“Aslan is a lion – the Lion, the great Lion.” “Ooh!” said Susan, “I’d thought he was a man. Is he – quite safe? I shall feel rather nervous about meeting a lion.” … “Safe?” said Mr. Beaver. “…Who said anything about safe? ‘Course he isn’t safe. But he’s good. He’s the King, I tell you.”
These words, written by C.S. Lewis in the 20th century, describing Jesus, could have also been penned by the Gospel writer Matthew in the first century.
For twenty-eight chapters, a central thread of Jesus’ kingship has been woven tightly into the fabric of Matthew’s inspired eyewitness account of Jesus’ 30-year sojourn on a sin-ravaged earth. From the opening chapters of Matthew’s Gospel, we have seen how Jesus of Nazareth is the incarnational fulfilment of the Messianic Davidic King foretold in the Old Testament. He is Immanuel, God with us, who has come to rescue us from sin and death. Jesus is not safe, but He is good, for He brings to us forgiveness of sin and a new creation life: a radically changed life and a reordering of our heart loves, lived out in faithful vocational stewardship in the context of a radically new community called the local church.
The Gospel writer Matthew presents a compelling case for Jesus as King, both in His sinless humanity, as well as His Trinitarian deity. Jesus’ kingship was manifested through His supernatural power, healing of the sick, calming of the storm, and the ultimate miracle of His bodily resurrection from the dead. More than any other Gospel writer, Matthew displays Jesus’ kingship through the brilliance of His teaching on the truly good life and how it is experienced in His easy yoke of apprenticeship. Here we encountered the paradoxical topography of the kingdom Jesus is ushering into our lives and our world. When we take up our cross and follow Jesus, we lose our life, but in losing our life, we find it. When we put on Jesus’ yoke, we find true freedom not slavery.
Matthew points us to Jesus’ transforming path of discipleship in the Great Invitation. “Come to me, all who labor and are heavy laden, and I will give you rest. Take my yoke upon you, and learn from me, for I am gentle and lowly in heart, and you will find rest for your souls. For my yoke is easy, and my burden is light.” (Mt. 11:28-30) Jesus’ yoke fits us. In Jesus’ yoke, we learn to live our lives like Jesus would if He were us. In Jesus’ yoke, we embrace both His precepts and practices as we experience transformation and the life we truly long to live. Matthew also reminds us that it is Jesus’ yoke of apprenticeship that makes it possible for us to live into the Great Commandment, to love God rightly, and to love our neighbor rightly. It is in Jesus’ yoke that we, His church, can fulfill the Great Commission to make disciples of all the nations.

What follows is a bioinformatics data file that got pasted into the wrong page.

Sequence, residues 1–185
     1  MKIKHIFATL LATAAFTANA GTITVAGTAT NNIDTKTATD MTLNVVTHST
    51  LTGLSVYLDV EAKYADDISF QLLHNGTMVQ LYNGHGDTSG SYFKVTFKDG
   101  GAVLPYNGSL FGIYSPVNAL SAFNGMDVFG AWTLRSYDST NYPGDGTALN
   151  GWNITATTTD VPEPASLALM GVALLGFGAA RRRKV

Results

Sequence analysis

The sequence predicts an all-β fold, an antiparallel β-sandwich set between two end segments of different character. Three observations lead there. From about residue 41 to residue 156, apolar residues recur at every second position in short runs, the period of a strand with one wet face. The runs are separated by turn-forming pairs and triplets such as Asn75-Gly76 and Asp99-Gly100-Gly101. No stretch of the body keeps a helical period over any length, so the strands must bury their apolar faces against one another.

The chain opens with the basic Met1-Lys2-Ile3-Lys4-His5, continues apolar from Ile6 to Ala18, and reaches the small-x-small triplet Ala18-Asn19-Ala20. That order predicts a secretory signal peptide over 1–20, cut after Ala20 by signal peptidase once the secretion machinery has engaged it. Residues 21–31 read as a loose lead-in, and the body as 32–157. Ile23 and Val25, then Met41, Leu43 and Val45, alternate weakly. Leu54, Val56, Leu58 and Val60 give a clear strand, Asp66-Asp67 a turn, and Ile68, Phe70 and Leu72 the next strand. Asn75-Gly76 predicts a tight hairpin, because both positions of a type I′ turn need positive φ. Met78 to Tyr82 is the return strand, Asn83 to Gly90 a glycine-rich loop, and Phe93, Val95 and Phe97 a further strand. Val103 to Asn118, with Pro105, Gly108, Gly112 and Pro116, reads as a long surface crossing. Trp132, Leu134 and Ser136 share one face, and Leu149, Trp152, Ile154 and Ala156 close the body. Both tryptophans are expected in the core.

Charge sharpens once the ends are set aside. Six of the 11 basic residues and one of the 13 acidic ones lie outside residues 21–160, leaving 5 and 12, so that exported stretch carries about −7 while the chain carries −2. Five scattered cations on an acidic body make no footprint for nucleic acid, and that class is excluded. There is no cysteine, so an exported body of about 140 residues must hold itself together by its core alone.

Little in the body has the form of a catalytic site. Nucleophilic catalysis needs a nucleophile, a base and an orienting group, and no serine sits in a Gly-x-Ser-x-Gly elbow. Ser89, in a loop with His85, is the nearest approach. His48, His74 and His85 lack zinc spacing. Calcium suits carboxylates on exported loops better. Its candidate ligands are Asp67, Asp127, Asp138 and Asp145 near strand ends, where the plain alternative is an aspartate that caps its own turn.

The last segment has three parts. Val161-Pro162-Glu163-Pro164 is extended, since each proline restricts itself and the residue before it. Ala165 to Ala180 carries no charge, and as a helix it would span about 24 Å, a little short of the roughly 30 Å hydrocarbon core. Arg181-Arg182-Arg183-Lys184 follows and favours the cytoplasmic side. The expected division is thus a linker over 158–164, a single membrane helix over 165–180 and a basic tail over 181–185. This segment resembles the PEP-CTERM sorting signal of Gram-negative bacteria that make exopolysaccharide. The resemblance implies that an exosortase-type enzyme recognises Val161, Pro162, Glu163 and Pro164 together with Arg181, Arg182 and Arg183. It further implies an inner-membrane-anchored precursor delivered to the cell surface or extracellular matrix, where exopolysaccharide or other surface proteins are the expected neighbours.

Throughout our journey in the Gospel of Matthew, we have seen Jesus heading step by step to the cross in faithful obedience to His Heavenly Father. On His way to the cross, where He became an atoning sacrifice for us, King Jesus revealed that His plan for redeeming a lost world centers around His church. In Matthew’s Gospel, we are reminded that the local church as God designed it is the hope of the world. Jesus said, “I will build my church and the gates of hell will not prevail against it.” (Mt. 16:18)
Matthew builds to a grand crescendo with the crucifixion and resurrection of Jesus. In each successive movement toward the cross of Calvary, he reminds us that Jesus’ impending death is not a tragic accident, but a triumphant plan orchestrated by a sovereign Trinitarian God. Carrying our sin on His shoulders, Jesus, the sin-bearing Son of God, was cursed and abandoned by God the Father so that we would never have to be cursed or abandoned by God. The Apostle Paul writes, “But God demonstrates his own love for us in this: While we were still sinners, Christ died for us.” (Romans 5:8, NIV) Jesus’ bodily resurrection is vindication of what was accomplished at the cross: the forgiveness of our sin and our reconciliation with God.
The resurrection of Jesus affirms the goodness of the everyday material world we live in and work in. The resurrected body of Jesus that cooked breakfast and ate with His disciples demonstrates that there is significant continuity between the present world and the new creation world to come. The empty tomb declares all of life matters; the school work we do, the customers we serve, the companies we run, the things we fix – they all matter. The resurrection is the hope that our deep longings for significance will be fully satisfied. It fulfills our longing for a love that never fails, a life that never ends, and work that truly matters.
Matthew ends his Gospel account of King Jesus similarly to how he began his writing. The risen Jesus is Immanuel, the God who is with us and will never leave us. Because of who King Jesus is and what He has done, there is nothing more important than following Him wholeheartedly in all of life. Jesus is not safe, but He is the King. He is worthy of our greatest thought, our most wholehearted devotion, our best sacrifice.[/vc_column_text][/vc_column][/vc_row][vc_row][vc_column][vcex_feature_box style=”left-image-right-content” heading=”HEAR MORE” image=”7388″]You can listen to any of our sermons on the Gospel of Matthew by visiting our SERMONS resources. Look for Sermons beginning December 2015 – A King for ALL People in the SERIES ARCHIVES.[/vcex_feature_box][vcex_button url=”/sermons” style=”outline” align=”right” font_family=”Merriweather Sans”]SERMONS[/vcex_button][/vc_column][/vc_row][vc_row][vc_column][/vc_column][/vc_row]